In fact, the insistence on defining romance by eight narrative elements does the exact opposite of what Regis claims she wants to do. Rather than making romance seem serious, it makes it appear rote and formulaic. If the best you can say for someone like Dailey is that she knows the form and uses it, then why should anyone care about her? Even Austen and Forster and Bronte seem to wilt under the faint praise. They all filled in the blanks skillfully? Whoopee.

Regis’ difficulty is that she wants to defend all romance. She is fighting for the honor of romance as a genre, or as a whole. She never, once, in the entire book, admits that any single romance, anywhere, might be formulaic, or badly written. She acknowledges that the Sheik is racist only in order to dismiss it rather than (for example) to think about how the “dangerous man” fantasies in so many romance novels indebted to the Sheik might also be touched by class and racial stereotypes, or to talk about how white women’s liberation so often seems to be symbolically assured by association with non-white people.

I’m not saying all romances are evil crap. I don’t think all romances are evil crap. But many romances are crap, and it seems like you need to acknowledge that somewhere if you’re going to make the case that some romances are good. And one important way to start thinking about romances as various is, I think, to chuck the formula. Yes, many romances can be made to fit into Regis’ pattern. But then, many can’t. Wuthering Heights, Anna Karenina and Gone With the Wind are books that are very often discussed as romance novels, and which don’t fit Regis’ pattern in important respects.Regis talks about Gone With the Wind specifically, saying that readers who identify it as a romance are “misreading”; that they’re substituting in a happy ending based on their familiarity with the genre. In other words, Regis suggests that romance readers are so wedded to their narratives that their basic reading comprehension suffers. This is supposed to be a defense of romance fans how, exactly?

Why not, instead, accept that lots of romance readers see Gone With the Wind as a romance — which means, maybe, that romance novels don’t have to conform to a single formula? Similarly, Trollope’s most famous romance, between Lily Dale and Johnny Eames, didn’t end in a relationship — which was (as Trollope astutely noted) precisely why it was so famous and successful. Villette almost, almost consummates its romance, only to end in tragedy. And, for that matter, A Room With a View, which Regis sees as a romance with a happy ending, has an afterword which (as Kailyn Kent has noted) refuses and refutes the formula. Is A Room With a View not a romance if you include the afterword? Or, possibly, is there more room in romance than Regis’ formula allows?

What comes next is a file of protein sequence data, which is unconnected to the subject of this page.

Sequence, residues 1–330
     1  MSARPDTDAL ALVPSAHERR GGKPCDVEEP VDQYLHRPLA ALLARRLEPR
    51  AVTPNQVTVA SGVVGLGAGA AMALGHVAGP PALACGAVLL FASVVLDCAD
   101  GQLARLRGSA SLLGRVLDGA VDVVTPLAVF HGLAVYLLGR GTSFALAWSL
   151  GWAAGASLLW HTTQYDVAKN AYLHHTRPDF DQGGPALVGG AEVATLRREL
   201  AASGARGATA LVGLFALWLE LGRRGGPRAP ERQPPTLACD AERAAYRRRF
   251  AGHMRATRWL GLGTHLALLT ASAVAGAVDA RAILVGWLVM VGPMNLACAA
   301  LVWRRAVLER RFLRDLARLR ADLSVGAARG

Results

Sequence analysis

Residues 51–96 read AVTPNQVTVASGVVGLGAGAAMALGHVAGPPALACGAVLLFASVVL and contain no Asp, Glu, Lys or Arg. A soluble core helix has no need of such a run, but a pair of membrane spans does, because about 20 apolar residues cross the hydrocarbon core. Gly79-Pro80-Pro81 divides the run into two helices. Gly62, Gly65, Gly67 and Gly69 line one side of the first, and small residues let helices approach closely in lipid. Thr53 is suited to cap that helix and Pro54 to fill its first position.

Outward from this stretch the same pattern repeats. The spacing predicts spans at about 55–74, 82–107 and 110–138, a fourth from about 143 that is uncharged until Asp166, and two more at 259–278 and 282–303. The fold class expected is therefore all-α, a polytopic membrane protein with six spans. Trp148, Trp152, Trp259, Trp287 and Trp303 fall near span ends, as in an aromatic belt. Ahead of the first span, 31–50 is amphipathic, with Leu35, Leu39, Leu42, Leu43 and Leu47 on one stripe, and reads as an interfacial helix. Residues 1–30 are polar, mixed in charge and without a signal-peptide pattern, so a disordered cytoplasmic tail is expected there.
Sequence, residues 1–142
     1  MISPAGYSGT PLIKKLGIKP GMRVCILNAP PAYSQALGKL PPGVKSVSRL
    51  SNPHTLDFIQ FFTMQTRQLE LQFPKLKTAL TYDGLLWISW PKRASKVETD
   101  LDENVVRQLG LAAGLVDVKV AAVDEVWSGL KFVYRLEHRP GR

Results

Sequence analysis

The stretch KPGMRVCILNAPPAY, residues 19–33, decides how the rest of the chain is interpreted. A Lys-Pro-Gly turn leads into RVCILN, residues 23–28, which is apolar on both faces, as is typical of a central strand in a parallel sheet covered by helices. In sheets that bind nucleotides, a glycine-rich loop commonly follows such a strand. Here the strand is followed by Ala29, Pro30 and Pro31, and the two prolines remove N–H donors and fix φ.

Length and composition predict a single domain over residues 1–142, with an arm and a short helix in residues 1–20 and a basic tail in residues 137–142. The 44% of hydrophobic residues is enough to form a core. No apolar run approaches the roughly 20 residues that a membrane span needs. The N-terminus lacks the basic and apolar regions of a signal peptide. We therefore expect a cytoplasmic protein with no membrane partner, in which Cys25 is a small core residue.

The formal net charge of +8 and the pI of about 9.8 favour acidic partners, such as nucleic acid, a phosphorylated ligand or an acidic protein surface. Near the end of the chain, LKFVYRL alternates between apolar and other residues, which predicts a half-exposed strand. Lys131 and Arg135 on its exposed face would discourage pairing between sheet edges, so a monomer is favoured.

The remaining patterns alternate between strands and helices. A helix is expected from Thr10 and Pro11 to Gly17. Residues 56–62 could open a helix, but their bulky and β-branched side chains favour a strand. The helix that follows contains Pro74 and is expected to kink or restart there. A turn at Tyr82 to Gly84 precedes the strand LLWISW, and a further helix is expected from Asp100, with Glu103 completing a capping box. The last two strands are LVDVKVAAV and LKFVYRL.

Though Regis is reluctant to admit it, romance novels have been commodified and rationalized since the days of Forster and Trollope; the standard endings are, I think, more insisted upon. And yet, you can see leeway still. In Jennifer Crusie’s Bet Me, most of the characters get married off, but at least one, Liza, remains a serial dater, too restless to settle down, and happy enough in that restlessness. Ian McEwan’s Atonement, which is certainly devastatingly romantic, gets much of its power from its commitment to, and interruption of, the romance narrative as a narrative — by both giving and withholding the happy ending. I read Atonement like three times in a couple of weeks and cried every one. If that’s not a romance novel, I don’t know what is.

This isn’t to say that only books that refuse the romance ending to some degree can be great novels. But it is to say that the possibility of resistance seems to me central to the possibility of freedom, and even to the possibility of variety. Maybe, rather than saying that romance novels bind women, or that romance novels free women, it might be better to think of romance novels as fascinated by, or concerned with, the issues of autonomy and love. Some writers may handle those themes thoughtfully, others not so much. But all romance novels don’t speak with one voice, any more than all women do.